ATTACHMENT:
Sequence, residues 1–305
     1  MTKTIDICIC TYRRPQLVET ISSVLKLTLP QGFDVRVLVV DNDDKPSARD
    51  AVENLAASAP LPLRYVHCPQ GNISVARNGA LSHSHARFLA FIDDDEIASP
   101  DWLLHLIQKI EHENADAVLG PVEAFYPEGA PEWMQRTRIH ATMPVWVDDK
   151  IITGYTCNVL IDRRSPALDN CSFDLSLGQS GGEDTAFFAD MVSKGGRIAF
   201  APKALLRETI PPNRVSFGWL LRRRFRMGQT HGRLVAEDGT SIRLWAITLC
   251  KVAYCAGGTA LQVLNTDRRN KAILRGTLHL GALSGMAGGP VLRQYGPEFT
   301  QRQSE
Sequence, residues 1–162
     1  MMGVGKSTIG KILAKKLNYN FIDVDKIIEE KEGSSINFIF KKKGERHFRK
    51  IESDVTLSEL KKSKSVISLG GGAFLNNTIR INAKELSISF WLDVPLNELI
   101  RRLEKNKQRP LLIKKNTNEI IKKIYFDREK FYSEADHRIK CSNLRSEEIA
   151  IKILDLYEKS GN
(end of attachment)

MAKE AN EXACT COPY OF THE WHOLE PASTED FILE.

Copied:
Sequence, residues 1–305
     1  MTKTIDICIC TYRRPQLVET ISSVLKLTLP QGFDVRVLVV DNDDKPSARD
    51  AVENLAASAP LPLRYVHCPQ GNISVARNGA LSHSHARFLA FIDDDEIASP
   101  DWLLHLIQKI EHENADAVLG PVEAFYPEGA PEWMQRTRIH ATMPVWVDDK
   151  IITGYTCNVL IDRRSPALDN CSFDLSLGQS GGEDTAFFAD MVSKGGRIAF
   201  APKALLRETI PPNRVSFGWL LRRRFRMGQT HGRLVAEDGT SIRLWAITLC
   251  KVAYCAGGTA LQVLNTDRRN KAILRGTLHL GALSGMAGGP VLRQYGPEFT
   301  QRQSE
Sequence, residues 1–162
     1  MMGVGKSTIG KILAKKLNYN FIDVDKIIEE KEGSSINFIF KKKGERHFRK
    51  IESDVTLSEL KKSKSVISLG GGAFLNNTIR INAKELSISF WLDVPLNELI
   101  RRLEKNKQRP LLIKKNTNEI IKKIYFDREK FYSEADHRIK CSNLRSEEIA
   151  IKILDLYEKS GN